A New Zealand athlete says he was kidnapped and forced to withdraw cash from ATMs by men dressed in police uniforms in Rio de Janeiro.
Jiu-Jitsu athlete Jason Lee took to social media to confirm the news.
“What did you guys get up to yesterday? I got kidnapped. Go Olympics! #Rio2016,” he tweeted.
In a more detailed post on his Facebook page, Lee claims the men threatened to apprehend him if he did not meet his demands for “a large sum of money.
“I’m not sure what’s more depressing, the fact this stuff is happening to foreigners so close to the Olympic Games or the fact that Brazilians have to live in a society that enables this absolute bulls*** on a daily basis,” he wrote.
“I was threatened with arrest if I did not get in their private car and accompany them to two ATMs to withdraw a large sum of money for a bribe.
“This place is well and truly f***ked in every sense of the word imaginable.”
Lee’s partner, New Zealand journalist Laura McQuillian, later tweeted: “Boyfriend was accosted by Policia Militar cops who drove him to two ATMs and forced him to withdraw cash #roadtoRio.”
Following the report in the NZ Herald, Australia’s chef de mission Kitty Chiller was asked if she was concerned about security ahead of the first Aussie athletes arriving.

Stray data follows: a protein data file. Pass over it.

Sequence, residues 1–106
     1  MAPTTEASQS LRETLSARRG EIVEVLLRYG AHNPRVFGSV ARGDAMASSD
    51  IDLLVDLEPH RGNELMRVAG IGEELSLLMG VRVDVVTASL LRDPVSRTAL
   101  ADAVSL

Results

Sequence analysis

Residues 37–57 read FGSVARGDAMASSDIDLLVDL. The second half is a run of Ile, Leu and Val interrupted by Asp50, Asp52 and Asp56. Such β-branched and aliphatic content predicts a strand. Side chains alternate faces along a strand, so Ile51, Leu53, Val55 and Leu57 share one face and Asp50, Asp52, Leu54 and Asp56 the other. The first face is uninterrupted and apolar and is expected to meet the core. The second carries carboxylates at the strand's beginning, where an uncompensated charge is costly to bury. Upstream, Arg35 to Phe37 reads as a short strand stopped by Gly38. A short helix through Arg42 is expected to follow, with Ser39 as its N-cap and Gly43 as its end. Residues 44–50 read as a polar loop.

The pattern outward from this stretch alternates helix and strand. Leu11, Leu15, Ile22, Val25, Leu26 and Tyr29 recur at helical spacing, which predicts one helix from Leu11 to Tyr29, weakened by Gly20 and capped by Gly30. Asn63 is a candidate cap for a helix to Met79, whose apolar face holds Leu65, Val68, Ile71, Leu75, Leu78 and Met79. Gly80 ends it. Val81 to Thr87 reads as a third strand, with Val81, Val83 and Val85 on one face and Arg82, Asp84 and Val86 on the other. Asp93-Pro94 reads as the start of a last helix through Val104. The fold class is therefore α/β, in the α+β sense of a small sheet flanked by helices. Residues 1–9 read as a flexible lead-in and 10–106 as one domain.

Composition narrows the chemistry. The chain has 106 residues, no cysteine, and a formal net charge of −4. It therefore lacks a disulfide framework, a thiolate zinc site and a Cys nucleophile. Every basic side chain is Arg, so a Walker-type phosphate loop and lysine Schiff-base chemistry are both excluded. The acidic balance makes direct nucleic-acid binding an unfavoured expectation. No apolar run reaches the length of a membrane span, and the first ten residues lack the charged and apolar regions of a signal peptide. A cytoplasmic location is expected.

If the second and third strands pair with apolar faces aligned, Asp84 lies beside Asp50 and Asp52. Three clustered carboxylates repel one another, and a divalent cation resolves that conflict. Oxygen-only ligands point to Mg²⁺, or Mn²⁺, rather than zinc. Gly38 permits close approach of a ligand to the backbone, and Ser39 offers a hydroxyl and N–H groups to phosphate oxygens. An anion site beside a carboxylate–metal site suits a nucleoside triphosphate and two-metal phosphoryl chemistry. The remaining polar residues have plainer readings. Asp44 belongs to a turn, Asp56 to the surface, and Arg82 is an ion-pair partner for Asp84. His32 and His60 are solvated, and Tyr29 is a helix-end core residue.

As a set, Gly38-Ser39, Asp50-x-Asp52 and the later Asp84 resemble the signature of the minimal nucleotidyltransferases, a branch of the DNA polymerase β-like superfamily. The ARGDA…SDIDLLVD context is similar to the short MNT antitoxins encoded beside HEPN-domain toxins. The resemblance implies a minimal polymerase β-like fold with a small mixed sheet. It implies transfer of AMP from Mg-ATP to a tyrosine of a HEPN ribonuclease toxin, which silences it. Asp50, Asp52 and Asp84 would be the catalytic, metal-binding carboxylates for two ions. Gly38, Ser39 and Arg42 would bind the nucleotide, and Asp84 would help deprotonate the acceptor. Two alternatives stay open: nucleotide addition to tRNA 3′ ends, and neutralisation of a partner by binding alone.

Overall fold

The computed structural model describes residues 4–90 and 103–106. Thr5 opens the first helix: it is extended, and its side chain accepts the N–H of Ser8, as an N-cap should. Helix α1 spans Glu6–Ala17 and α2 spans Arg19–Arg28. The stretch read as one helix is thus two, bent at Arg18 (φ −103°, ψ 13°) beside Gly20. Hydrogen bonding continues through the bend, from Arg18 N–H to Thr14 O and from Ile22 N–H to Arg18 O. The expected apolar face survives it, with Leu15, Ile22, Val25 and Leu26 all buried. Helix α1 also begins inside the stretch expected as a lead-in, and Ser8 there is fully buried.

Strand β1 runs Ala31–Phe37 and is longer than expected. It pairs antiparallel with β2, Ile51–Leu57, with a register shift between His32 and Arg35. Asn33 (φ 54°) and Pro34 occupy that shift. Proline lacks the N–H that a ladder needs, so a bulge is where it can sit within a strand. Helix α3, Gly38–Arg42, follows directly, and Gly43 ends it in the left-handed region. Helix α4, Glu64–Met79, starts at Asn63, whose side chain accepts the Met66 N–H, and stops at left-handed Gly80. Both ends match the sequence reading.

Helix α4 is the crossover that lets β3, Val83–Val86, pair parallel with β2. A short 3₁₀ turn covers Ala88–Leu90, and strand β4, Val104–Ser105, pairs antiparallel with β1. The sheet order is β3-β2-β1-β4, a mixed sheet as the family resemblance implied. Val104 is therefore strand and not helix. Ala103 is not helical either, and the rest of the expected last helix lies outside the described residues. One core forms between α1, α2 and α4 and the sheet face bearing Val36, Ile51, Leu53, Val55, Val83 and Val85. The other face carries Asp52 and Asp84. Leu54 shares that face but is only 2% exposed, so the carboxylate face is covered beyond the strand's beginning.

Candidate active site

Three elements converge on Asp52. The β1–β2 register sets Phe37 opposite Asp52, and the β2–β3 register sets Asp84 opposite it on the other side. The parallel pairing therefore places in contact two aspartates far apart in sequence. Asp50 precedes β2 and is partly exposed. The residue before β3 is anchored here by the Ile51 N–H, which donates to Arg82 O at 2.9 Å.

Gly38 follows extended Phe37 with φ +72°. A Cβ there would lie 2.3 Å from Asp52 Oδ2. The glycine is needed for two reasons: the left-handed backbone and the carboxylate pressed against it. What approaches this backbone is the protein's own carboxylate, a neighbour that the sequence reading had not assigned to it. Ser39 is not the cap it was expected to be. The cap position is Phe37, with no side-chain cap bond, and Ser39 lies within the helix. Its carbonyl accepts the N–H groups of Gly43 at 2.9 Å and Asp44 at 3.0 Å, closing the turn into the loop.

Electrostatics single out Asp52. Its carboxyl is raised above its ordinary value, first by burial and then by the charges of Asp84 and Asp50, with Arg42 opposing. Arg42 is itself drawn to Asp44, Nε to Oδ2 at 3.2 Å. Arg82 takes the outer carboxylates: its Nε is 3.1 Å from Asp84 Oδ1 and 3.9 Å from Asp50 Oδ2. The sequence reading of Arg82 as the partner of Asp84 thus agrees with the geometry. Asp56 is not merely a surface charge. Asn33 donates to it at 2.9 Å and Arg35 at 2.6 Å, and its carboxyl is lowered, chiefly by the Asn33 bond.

“Hearing that, that’s not good news at all,” she told 3AW.
“I’ve only been in the village, I haven’t been out and about. The security presence in and around the village has been very strong and very safe.
“I’ve not felt unsafe at all. Hearing something like that is very disturbing.”
Last year it was reported extra security forces — more than double what was used in London in 2012 — would flood the city in an effort to combat the significant crime level.
Aussie Paralympian Liesl Tesch experienced Rio’s dangerous underbelly first hand in June when her and her physio were robbed by two men, one of whom was armed with a gun.
“It was absolutely horrific,” Tesch said afterwards. “I can see it clear as day in my own head ... it was a pistol.”
“When it actually happens to you, it actually reinforces how dangerous this city is and how lucky we are to live in Australia.”